Trump investigation enters crucial phase as prosecutor’s term nears end
NEW YORK — A long-running criminal investigation into Donald Trump and his family business is reaching a critical phase as Cyrus Vance Jr., the prosecutor overseeing the inquiry, enters his final weeks as Manhattan district attorney.
Vance’s prosecutors have issued new subpoenas for records about Trump’s hotels, golf clubs and office buildings. They recently interviewed a banker employed by Deutsche Bank, Trump’s top lender. And earlier this month, they told a top Trump executive who had been under scrutiny, Matthew Calamari, that they did not plan to indict him in the purported tax-evasion scheme that led to charges against Trump’s company and its chief financial officer.
The developments, described by people with knowledge of the matter, show that Manhattan prosecutors have shifted away from investigating those tax issues and returned to an original focus of their three-year investigation: Trump’s statements about the value of his assets.
In particular, the people said, prosecutors are zeroing in on whether Trump or his company inflated the value of some of his properties while trying to secure financing from potential lenders. If Vance’s office concludes that Trump intentionally submitted false values to potential lenders, prosecutors could argue that he engaged in a pattern of fraud.
Trump and his company have denied wrongdoing, calling the inquiry a politically motivated witch hunt by Vance, a Democrat. His prosecutors are working with the office of the New York state attorney general, Letitia James, also a Democrat, who is running for governor and has been a vocal critic of Trump.
The investigation is playing out as Trump continues to wield enormous influence over the Republican Party and flirts with another presidential run in 2024. It has yet to hamper his political standing and could even energize his base, although the inquiry could also be a costly distraction.
It is unclear whether any new charges will be brought, but if they are, it could be difficult to prove that Trump or his company defrauded their lenders. One challenge is that the lenders are sophisticated financial institutions that most likely conducted their own assessments of Trump’s property values without relying entirely on him.
Still, Vance’s prosecutors have issued a flurry of subpoenas in recent months.
At least one subpoena issued this summer to Trump’s company, the Trump Organization, demanded information about how the company valued various assets, according to the people, who all spoke on the condition of anonymity because they were not authorized to discuss the matter.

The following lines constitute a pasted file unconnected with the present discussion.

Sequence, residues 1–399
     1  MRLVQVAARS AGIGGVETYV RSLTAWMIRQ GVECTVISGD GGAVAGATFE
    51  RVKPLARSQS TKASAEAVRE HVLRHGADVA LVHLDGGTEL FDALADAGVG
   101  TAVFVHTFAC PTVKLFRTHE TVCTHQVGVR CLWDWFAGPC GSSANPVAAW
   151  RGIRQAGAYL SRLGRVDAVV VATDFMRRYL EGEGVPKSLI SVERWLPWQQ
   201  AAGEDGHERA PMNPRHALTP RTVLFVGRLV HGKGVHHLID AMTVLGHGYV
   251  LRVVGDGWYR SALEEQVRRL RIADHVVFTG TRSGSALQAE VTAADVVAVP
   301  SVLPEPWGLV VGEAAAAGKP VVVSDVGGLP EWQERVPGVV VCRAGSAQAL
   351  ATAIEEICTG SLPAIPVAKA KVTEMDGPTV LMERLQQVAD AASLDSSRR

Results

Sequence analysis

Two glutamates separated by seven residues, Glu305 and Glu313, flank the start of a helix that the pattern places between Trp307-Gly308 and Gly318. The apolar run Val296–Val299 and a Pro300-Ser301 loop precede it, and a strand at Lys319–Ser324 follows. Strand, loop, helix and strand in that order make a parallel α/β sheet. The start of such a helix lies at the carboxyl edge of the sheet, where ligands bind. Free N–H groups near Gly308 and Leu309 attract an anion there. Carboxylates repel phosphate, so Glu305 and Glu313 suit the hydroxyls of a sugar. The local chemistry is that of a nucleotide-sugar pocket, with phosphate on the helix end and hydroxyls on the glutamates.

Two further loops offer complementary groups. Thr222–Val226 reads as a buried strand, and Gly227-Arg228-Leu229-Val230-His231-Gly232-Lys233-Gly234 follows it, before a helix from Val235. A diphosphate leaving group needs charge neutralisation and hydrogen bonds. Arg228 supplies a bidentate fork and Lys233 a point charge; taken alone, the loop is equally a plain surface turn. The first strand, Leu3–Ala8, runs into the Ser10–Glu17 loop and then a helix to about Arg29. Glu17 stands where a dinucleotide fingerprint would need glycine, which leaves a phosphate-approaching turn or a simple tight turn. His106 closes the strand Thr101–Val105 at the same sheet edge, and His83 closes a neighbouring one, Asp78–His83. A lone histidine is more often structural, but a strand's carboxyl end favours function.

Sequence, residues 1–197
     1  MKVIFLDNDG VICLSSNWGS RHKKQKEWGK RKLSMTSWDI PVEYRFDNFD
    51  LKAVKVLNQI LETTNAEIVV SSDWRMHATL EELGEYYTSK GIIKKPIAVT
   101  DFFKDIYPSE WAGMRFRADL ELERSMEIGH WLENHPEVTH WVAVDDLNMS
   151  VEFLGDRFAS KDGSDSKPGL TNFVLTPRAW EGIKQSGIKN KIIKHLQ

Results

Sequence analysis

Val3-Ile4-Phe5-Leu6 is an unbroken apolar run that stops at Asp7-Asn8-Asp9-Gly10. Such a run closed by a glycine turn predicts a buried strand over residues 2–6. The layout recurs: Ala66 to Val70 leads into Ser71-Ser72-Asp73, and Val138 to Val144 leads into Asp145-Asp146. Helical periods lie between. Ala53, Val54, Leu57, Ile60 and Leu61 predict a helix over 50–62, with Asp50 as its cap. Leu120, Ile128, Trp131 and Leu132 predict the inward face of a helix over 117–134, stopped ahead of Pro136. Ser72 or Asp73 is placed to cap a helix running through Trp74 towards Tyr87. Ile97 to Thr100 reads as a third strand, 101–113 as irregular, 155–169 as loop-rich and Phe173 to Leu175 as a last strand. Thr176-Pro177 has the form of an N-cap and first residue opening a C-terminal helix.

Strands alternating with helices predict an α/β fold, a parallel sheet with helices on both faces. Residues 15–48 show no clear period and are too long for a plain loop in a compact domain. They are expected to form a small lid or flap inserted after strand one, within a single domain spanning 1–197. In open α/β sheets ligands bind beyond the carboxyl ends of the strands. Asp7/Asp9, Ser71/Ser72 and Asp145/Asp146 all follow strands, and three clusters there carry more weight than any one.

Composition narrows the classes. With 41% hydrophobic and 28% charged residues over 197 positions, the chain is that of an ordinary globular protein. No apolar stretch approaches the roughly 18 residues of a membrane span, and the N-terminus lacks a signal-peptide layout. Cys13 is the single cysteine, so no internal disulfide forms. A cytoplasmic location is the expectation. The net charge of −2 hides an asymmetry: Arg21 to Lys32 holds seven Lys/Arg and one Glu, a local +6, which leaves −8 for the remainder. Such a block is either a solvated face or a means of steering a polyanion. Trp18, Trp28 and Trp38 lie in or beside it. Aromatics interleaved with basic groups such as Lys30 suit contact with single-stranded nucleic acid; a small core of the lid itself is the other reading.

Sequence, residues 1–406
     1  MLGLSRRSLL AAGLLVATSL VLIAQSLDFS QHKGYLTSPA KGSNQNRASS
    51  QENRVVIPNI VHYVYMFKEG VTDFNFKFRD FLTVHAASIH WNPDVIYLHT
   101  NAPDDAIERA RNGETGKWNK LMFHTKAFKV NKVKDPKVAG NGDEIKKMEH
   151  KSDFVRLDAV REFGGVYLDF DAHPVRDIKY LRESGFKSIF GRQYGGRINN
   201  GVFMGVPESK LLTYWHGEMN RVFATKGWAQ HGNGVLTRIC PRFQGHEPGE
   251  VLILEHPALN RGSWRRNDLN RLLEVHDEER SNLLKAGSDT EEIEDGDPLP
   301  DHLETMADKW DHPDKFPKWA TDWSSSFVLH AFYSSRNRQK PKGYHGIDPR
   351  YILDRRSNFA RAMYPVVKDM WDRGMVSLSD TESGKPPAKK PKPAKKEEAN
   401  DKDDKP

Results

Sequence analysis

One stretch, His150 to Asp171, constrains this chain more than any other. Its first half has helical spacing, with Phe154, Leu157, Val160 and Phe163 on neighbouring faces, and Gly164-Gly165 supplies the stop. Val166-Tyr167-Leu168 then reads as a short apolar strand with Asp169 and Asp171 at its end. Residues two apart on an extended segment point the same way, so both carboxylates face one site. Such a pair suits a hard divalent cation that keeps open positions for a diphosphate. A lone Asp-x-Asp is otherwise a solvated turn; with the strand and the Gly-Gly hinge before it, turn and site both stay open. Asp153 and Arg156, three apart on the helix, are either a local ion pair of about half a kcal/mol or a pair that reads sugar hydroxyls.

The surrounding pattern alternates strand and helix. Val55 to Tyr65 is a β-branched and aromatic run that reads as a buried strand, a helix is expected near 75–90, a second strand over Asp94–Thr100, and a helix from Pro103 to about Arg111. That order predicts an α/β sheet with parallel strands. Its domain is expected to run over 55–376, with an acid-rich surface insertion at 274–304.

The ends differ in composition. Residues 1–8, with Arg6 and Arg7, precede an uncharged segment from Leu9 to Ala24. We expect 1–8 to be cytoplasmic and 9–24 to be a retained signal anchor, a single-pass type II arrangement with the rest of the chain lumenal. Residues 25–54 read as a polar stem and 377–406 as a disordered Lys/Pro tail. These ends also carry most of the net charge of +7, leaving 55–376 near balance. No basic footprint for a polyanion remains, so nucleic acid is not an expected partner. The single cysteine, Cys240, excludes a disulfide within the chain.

The company is resisting turning over some documents, a matter that is the subject of sealed litigation in Manhattan.
The Deutsche Bank employee, a banker in the division that works with Trump, also recently met with prosecutors in Vance’s office to answer their questions, the people said.
The bank has issued hundreds of millions of dollars in loans to Trump over the years, including for his hotels in Chicago and Washington and his Doral golf resort in Florida.
Last year, during a relatively early phase in the investigation, prosecutors questioned Deutsche Bank employees about the lender’s general procedures for making loan decisions.
This past summer, prosecutors diverged from that focus on valuations when they indicted the Trump Organization and its long-serving chief financial officer, Allen Weisselberg, for unrelated tax crimes involving a scheme to pay off-the-books luxury perks to certain executives.
Vance’s office had also been weighing for months whether to indict Calamari, Trump’s former bodyguard who now is the organization’s chief operating officer, for failing to pay taxes on the same sort of perks.
But this month, after prosecutors pivoted back to the broader investigation, they told Calamari that they had “no present intention” to bring charges, his lawyer said.
“We believe that is the fair and just decision,” said the lawyer, Nicholas Gravante Jr., who had argued that Calamari was not involved in the company’s finances and relied on another Trump employee to prepare his taxes. “What the future holds in terms of the district attorney’s continuing investigation is anyone’s guess.”
Vance, who did not seek reelection for a fourth term this year, originally signaled that he wanted to decide whether to charge Trump before departing.
But he is running out of time.
He leaves office at the end of this year, and it might take prosecutors months to present a complex financial case such as this one to a grand jury should they decide charges are warranted.
And so, after more than three years of investigating Trump in fits and starts, Vance may have to hand over the culmination of the case to his successor, Alvin Bragg.